Patrick Akos, Ph.D., LPC, is the NCDA Board Trustee for Counselor Educators and Researchers. His professional experiences as a teacher, school and college counselor inform his work as a Professor in the School of Education at the University of North Carolina at Chapel Hill. Patrick teaches in the School Counseling M.Ed. program and has served his school, University, state, national associations and international collaborations in a variety of leadership roles. He is a Licensed Professional Counselor and Supervisor, secondary/middle grades teacher and K-12 school counselor in North Carolina. Patrick’s research, teaching, leadership and clinical practice are grounded in a strengths-based framework, which is informed by humanistic traditions and empirically supported by contemporary scholarship (e.g. positive psychology). He can be reached at email@example.com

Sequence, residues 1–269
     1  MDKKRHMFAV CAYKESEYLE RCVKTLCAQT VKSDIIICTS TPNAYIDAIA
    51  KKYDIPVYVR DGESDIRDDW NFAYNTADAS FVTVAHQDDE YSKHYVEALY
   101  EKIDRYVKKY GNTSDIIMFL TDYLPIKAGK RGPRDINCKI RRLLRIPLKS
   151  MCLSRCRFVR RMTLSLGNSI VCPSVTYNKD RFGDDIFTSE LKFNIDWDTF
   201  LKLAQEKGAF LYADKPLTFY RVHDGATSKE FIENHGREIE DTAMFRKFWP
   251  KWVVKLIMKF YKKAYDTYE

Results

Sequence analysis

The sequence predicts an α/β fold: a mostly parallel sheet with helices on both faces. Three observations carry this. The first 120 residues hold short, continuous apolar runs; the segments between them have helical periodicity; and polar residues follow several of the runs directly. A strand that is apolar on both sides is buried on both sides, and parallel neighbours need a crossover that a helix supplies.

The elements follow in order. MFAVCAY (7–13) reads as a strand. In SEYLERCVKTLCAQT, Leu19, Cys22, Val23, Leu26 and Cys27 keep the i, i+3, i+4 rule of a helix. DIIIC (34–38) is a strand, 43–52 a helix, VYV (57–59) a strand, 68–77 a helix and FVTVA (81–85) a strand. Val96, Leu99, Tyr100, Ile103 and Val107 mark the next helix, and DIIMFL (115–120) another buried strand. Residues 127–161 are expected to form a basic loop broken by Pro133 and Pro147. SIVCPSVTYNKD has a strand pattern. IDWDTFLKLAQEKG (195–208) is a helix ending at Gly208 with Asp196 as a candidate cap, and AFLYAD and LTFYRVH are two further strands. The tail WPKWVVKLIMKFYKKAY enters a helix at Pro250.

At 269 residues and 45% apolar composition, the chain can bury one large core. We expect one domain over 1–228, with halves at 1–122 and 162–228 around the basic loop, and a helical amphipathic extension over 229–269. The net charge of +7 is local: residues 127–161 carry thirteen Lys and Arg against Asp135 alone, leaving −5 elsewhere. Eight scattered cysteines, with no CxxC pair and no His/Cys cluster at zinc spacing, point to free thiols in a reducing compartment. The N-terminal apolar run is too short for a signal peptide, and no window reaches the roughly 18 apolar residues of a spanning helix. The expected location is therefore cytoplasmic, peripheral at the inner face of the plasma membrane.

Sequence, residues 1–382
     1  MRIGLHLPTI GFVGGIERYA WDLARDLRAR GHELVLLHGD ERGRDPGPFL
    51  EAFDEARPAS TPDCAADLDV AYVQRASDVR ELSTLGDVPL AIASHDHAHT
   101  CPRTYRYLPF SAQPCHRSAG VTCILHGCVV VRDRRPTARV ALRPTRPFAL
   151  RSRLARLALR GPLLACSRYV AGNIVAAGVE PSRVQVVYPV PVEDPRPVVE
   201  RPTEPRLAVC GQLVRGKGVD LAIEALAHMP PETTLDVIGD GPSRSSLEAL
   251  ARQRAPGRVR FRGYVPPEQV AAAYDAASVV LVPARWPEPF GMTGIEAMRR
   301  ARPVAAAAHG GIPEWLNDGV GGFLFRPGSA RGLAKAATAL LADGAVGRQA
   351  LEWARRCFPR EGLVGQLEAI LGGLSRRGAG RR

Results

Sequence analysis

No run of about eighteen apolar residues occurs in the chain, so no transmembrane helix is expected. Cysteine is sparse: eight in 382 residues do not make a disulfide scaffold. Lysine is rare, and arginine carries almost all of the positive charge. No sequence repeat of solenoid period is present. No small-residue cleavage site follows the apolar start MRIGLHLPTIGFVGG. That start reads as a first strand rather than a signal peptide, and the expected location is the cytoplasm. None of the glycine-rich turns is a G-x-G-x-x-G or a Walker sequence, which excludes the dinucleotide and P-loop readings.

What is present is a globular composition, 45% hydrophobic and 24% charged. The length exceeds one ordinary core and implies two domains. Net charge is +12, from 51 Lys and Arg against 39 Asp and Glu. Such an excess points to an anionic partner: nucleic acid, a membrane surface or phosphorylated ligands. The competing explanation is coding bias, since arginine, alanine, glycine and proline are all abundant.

Roni K. White, NCC, LGPC, is the founder and therapist of Apricity Wellness Counseling. She created the “Women in the Workplace: Leadership, Barriers, & Struggles” series. Ms. White’s professional work encompasses counseling in the areas of mental health, pastoral, career, college, and wellness. Currently, Ms. White is an active member of the American Counseling Association, where she serves as a member of the Neurocounseling Interests Network, and a contributing member on the group of Native American Concerns for Association for Multicultural Counseling and Development. She maintains membership with the National Career Development Association and serves as co-chair on the Research Committee. Additional active memberships include National Employment Counseling Association and Association for Clinical Pastoral Education. She engages in advocacy to build awareness, promote action, and encourage change through social justice by addressing education reform, college access, income disparity, mental health parity, homelessness, ethnicity inequity/inequality, gender inequality, and disparity in healthy food resources; as these are essential responsibilities to her as a citizen of the world.